Sand of the Outer Hebrides

The Western Isles, or Outer Hebrides have to have some of the finest beaches in the UK. If you stumble upon this page it's more about the sand than the areas or photography. Others linked from the bottom of the page have more photography of the islands. Like other Hebridean pages I apologise for mixing up Gaelic names with the Anglicised versions. Modern maps use Gaelic names, but it wasn't long ago that anglicised ones were used.

Vatersay/ Bhatarsaigh

Vatersay Northern Beaches - Uidh

Across from Castlebay on Barra these three smallish beaches have some of the purest white sand I've seen. Quite remote, but the local dog may accompany you on a walk.

Vatersay Bay - Bàgh Bhatarsaigh

Fences tends to keep the cattle off the beach these days so it's quite difficult to find your way onto the beach unless you start at one end or the other. There's a café at the Northern end in the village hall.

Vatersay West Beach - Bàgh Siar

The other side of the tombolo is the West beach, which faces 3000 miles to America. Best reached from the North end, it's wilder than the last two beaches, and the sand's not so white.

Barra/ Barraigh


Allathasdal beach is reached across a large area of machair and looks out over rocky islands teaming with oystercatchers, seals and the like. Hardly a pretty 'resort' beach but wonderful for feeling at one with nature.

Tràigh Eais, Barra

A few hundred hundred metres west of Barra Airport across the tombolo this 2km stretch of sand is a quiet haven away from the hustle and bustle of Barra's much maligned Terminal Five.

Tràigh Scurrival, Barra

This is a lovely beach that can make you feel you're alone in the world. The whole bay becomes beach at low tide. When dry, the sand is almost pure white, but sand exposed at low tide is more like halva.


Facing North towards Eriskay and South Uist this beach curves round to reach Tràigh Scurrival (above).

Barra Airport - Tràigh Mḥr

Tràigh Mḥr is the only airport for the whole of Barra. Expect jumbo jets every two minutes, busy eight lane motorways jammed solid with stationary cars, endless pedestrian subways that seem to go round in circles leading you into a kerosene swamped hell of rampant commercialism, regulations, officialdom and mile long check-in queues that don't move, but you may be pleasantly surprised.

Eriskay/ Eirisgeigh

Coilleag a Phrionnsa, Eriskay

This is the bay that Bonnie Prince Charles arrived in Scotland in 1745. It's now next to the ferry terminal for Barra, but the small "Isle of Wight" style ferries that leave every couple of hours are a pleasant distraction.

South Uist/ Uibhist a Deas


Behind the dunes is a historic golf club, laid out over 100 years ago and then 'lost' from the 1920s until local people recreated it from 2005. The beach is difficult to lose as what is basically the same beach stetches for about 20 miles, right the way up the West coast of South Uist.

North Uist/ Uibhist a Tuath

Balranald RSPB

Twice I've been to the RSPB reserve here and twice I've seen a corncrake. You can hear them all over the place in parts of Western Scotland but it's difficult to see one. The beach is a beautiful curved bay of 180 degrees that forms a lovely enclosed arena.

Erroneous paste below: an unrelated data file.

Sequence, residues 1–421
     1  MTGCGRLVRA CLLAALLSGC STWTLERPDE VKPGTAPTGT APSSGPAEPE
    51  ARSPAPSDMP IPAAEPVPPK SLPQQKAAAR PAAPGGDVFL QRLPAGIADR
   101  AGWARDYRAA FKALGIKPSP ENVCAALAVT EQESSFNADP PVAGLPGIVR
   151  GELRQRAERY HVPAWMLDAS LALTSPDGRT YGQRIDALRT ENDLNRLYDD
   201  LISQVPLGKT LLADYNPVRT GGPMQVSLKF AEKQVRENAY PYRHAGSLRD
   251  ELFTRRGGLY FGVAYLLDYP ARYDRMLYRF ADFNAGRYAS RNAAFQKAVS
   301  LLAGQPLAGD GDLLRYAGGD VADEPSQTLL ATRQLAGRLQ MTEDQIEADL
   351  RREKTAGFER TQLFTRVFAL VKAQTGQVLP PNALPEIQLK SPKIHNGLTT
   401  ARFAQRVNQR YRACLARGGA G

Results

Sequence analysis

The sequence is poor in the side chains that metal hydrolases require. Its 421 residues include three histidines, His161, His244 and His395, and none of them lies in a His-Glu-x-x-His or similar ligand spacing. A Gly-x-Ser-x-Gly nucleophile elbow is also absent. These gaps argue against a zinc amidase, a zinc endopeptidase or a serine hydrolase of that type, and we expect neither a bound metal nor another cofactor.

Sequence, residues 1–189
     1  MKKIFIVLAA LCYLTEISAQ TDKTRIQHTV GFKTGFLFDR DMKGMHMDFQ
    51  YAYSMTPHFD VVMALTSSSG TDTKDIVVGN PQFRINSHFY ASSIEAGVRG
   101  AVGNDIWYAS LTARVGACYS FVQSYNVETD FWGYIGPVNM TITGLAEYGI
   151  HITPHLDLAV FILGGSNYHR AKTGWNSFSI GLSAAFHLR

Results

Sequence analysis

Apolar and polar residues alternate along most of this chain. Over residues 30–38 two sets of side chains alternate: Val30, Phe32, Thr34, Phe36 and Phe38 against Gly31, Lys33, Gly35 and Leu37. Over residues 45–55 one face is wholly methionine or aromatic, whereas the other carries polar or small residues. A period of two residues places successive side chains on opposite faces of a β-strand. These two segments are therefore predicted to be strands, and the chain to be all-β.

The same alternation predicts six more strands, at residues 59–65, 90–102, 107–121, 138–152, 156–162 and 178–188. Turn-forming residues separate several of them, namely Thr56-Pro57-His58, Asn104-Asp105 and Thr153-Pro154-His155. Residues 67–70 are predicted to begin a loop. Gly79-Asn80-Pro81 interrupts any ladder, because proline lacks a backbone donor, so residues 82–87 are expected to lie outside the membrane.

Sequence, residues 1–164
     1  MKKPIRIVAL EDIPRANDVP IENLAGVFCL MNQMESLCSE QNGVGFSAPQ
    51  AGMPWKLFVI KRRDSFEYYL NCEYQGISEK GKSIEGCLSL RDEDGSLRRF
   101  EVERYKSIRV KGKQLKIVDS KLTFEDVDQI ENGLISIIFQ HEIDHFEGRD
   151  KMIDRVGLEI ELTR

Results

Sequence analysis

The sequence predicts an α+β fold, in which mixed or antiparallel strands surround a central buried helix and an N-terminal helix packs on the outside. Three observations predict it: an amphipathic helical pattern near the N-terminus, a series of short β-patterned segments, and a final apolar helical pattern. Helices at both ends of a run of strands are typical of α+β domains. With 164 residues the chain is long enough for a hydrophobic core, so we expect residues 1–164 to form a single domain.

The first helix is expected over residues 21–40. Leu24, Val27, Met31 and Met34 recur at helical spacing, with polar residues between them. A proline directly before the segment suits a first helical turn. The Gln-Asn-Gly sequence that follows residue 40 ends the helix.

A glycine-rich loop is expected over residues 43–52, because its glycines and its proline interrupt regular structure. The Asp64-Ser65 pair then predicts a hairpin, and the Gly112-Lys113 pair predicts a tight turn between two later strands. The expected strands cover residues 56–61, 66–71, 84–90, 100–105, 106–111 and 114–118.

Udal peninsula Tràigh Iar

Here begins a walk that seemed through paradise to me, with one beach after another separated by headlands of dunes leading out to rocky outcrops. Tràigh Iar is about two miles long but looks like it goes on forever, because of its continuation to the island of Vallay

Udal beach

The Udal beach is on the right of the photo, while the one on the left is Sollas, or Tràigh Ear (see below).

Sollas beach - Tràigh Ear

Not to be confused with Tràigh Iar, this is Tràigh Ear (West and East, Ear being East). The beach fills up the bay at low tide, and once a year plays host to the Sollas Fly In of light aircraft.

Hornish Strand, Tràigh Ḥrnais

Another 'infinite' beach, this seems to stretch the four miles to the Udal peninsula. Never very much chance of seeing anyone else on it.

Lingay Strand, Tràigh Lingeigh

Just over a headland from Hornais this beach is shorter bust has some shelter from South Westerly winds. In a June gale in 2015 it felt almost spring like.

Berneray/ Beàrnaraigh

West Beach, Berneray

This is the beach that the Thai tourist board (or more likely someone in the UK working for them on contract) famously thought would pass for a beach in Thailand. Not surprising really! Until you try to take your kagoul off or dip a toe in the water.

Baile Beach, Berneray

Baile is Gaelic for a settlement and this beach is fairly close to the village. There's a few houses nearby, two or three of which are called Baile on the map.

South Harris/ Ceann a Deas na Hearadh

Tràigh na Cleabhaig, Northton

Two beaches face south west from near Northton (Taobh Tuath). Terns nest on the sand on this further one and will let you know if you get too close.

Tràigh Scarasta

The sand at Scarasta is different to most other beaches in the area, being a golden rather than silver colour. The beach faces all directions and one part encloses a large lake just south of Northton that looks like it's part of the sea. A great place to stroll and explore.


If I could go back to primary school it would be to here. The school is behind the dunes and the other views is of Luskentyre beach.

Luskentyre/ Losgaintir

Luskentyre is more of a filled up estuary than a beach in the normal sense of the word. The river and tides sort the sand into darker and lighter areas, and I doubt it ever looks the same twice. Most of it can be walked on but it would be tricky to walk across.


Rosamol is the northern part of Luskentyre's beaches and faces Taransay and the Hills of Harris. It comes complete with its own graveyard and enormous dunes. Reached down a small path by a river, or from round the corner from Luskentyre you feel you've arrived when you get there.

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